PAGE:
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Marine escapes streets to earn Division I football scholarship

Tyriek Bell has been a Marine Corps Sergeant, a junior college football standout and now a 2021 University of Hawaii commit. (Courtesy: @BellTyriek/Twitter)

MISSION VIEJO, Calif. (BVM) – After an all-area football career at Westwood High School in Blythewood, S.C., Tyriek Bell’s journey has since taken him to more places than he could’ve imagined just six years ago.

Bell enrolled at Tusculum University, a private Division II school in Tennessee, upon his high school graduation in 2014 and quickly realized it wasn’t the place for him. He redshirted that fall and spent too much time near his hometown of Columbia, S.C. in the spring.

“I was still finding myself in the streets a little too much, and being in the streets where I’m from is not good,” Bell said.

A 2018 study found that Columbia was the 25th-most dangerous city in America. At a crossroads in his life and looking for a way out, Bell found exactly that while sitting on his parents’ couch.

“I was sitting on the couch and I saw this commercial that was like ‘If you spent your entire life fighting for others’ which I have, ‘then the Marine Corps will be the perfect place for you.’

“I felt like that was a calling and I took it.”

Bell left Tusculum on March 22, 2015 and was at the Marine Corps recruiting office on March 26.

“My goal was just to get away from Columbia, S.C.,” Bell said.

Bell served with three different infantry battalions and was once deployed to patrol outside of China and Korea during his four-year stint. He ascended to Sergeant E5 and his final unit was at Camp Pendleton with the 1st Battalion, 1st Marine Division.

But as Bell began to find structure with the Marines, his first passion never faded.

After a pickup game-sealing touchdown catch that dropped the jaws of his fellow Marines, Bell convinced his staff sergeant to deploy him to California where the presence of infantry football is heavy. Bell played for three different Marine Corps teams and couldn’t hide his natural talent for the sport.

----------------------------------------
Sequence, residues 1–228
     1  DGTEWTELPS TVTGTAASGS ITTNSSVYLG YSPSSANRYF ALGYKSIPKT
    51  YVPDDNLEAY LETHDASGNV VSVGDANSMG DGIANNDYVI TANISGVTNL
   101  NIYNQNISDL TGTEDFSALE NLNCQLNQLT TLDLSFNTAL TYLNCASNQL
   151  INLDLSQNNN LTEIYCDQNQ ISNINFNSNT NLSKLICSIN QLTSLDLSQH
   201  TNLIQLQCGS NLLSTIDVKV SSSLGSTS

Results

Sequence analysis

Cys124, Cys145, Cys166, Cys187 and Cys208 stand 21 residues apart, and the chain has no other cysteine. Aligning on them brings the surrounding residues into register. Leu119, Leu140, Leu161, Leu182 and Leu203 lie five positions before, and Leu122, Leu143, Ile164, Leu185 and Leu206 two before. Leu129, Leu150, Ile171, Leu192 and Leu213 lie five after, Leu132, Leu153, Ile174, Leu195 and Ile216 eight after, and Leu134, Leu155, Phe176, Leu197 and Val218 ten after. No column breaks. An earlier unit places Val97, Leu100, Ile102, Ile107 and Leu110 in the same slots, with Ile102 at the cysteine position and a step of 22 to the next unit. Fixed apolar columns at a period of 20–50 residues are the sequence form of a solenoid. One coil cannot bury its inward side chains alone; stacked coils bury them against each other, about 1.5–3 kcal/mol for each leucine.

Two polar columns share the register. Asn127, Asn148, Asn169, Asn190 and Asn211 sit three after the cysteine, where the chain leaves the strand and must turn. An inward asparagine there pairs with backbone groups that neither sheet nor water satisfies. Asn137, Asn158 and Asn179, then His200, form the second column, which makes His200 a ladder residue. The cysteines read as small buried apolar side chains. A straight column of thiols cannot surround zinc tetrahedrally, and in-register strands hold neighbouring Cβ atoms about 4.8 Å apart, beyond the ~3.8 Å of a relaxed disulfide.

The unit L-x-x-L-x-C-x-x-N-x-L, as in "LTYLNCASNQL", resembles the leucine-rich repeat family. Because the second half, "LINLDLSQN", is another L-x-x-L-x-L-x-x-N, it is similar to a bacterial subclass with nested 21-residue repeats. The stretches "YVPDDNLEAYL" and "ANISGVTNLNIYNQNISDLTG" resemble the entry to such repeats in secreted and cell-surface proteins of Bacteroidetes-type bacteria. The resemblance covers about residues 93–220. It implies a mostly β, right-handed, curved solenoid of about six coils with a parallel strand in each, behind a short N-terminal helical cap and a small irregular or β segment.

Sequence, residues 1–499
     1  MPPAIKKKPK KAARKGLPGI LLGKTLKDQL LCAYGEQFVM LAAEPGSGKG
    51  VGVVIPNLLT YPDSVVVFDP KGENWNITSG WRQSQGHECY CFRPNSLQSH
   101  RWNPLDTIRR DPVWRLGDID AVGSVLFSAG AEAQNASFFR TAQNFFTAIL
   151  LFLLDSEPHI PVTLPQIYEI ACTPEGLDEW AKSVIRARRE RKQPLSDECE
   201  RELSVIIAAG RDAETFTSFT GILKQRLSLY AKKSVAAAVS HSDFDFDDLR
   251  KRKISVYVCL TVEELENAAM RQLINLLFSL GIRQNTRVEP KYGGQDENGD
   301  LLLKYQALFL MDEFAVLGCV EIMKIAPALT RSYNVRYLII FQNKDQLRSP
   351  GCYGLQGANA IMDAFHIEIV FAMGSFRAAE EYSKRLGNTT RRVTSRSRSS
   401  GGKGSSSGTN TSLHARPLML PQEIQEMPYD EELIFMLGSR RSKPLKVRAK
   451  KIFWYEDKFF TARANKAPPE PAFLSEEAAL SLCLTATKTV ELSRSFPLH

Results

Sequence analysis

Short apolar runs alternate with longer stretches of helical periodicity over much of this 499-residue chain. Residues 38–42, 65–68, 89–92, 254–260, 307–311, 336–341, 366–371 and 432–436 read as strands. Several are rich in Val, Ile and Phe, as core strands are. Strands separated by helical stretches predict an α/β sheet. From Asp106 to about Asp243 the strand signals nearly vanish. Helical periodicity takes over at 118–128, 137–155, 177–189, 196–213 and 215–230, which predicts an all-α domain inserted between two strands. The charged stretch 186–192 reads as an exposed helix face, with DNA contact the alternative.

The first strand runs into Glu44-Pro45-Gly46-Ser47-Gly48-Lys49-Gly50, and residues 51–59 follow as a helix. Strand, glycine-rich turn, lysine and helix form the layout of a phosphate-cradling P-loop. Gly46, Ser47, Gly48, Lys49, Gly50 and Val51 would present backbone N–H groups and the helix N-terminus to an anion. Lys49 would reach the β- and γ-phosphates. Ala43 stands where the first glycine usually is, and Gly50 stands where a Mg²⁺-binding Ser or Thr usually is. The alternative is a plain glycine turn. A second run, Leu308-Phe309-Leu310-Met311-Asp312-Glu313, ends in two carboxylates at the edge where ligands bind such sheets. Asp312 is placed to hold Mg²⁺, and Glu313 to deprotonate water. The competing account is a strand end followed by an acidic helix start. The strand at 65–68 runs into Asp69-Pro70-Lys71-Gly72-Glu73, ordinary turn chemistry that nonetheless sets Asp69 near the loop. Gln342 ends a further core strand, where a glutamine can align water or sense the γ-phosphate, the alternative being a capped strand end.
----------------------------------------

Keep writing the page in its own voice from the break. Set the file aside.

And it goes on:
“Guys kept telling me like ‘Dude, you’re pretty talented at this football thing. If you have some eligibility left, you should get out and go for it,’” Bell said.

Bell did have eligibility left, and he did go for it. The NCAA freezes a player’s eligibility clock during military service or church missions.

The Marine saved up 69 leave days to return home earlier than his designated service time and immediately began doing research. Bell said he contacted a myriad of schools within a driving distance of his California home until one program gave him a shot.

“Saddleback (Community College) was the first school to respond and that’s where I went,” Bell said. “They didn’t seem too impressed. They were like ‘this old dude thinks he’s going to come out here and try to relive the dream.’

“I told them I think I can still do it and just went out there and started competing.”

Bell did more than just compete in his first live football action in five years; he starred.

The coaching staff started Bell out at strong safety where he was “about 217 pounds and moving a little too slow” before moving him to linebacker. In 2019, Bell had a team-high 79 tackles, including 53 solo stops. He also tallied 10 tackles for loss and 4.5 sacks in his lone season with Saddleback.

“I was just motivated,” Bell said. “I told everyone I was on a mission; I don’t think they really understand what I’m saying.”

The conference’s National Division Co-Defensive Player of the Year attracted the attention of Division I staffs and will sign his National Letter of Intent to the University of Hawaii on Dec. 16, the first day of the NCAA Early Signing Period for football recruits. Bell will have three years of eligibility remaining when he joins the program in 2021.

The Rainbow Warriors run a defensive scheme and have a program that fits Bell’s skillset right now, not just down the road.

“Hawaii told me they love to attack, they love to blitz and get to the quarterback,” Bell said. “For me, being the age I am, I don’t want to go to a program and sit around and wait. That’s OK, but I want to get to a program that needs talented players that know they’re talented and work extremely hard.

“Not saying that they (Hawaii) needed me, but they needed that energy. I feel like my energy is contagious.”

More than anything, Hawaii can provide a lifestyle that suits Bell. After four years on a strict regimen with the Marine Corps, Bell doesn’t require too much of the extra stuff.

Being isolated and limited is something the Columbia native cherishes. When Bell sat on his parents’ couch just five years ago wondering how he’d get out of the streets, it’s safe to say he couldn’t have fathomed The Big Island at the time.

“I need some limitations in my life,” Bell said. “I don’t want to be able to go on a vacation, have friends come visit me or have to tell them no. At this point in my life, I’m a bit older than the rest of the guys. I just want to focus on the goals.

“I want to train and get educated; I want to turn into a robot. I feel like the best place for me to do that is isolated on an island.”

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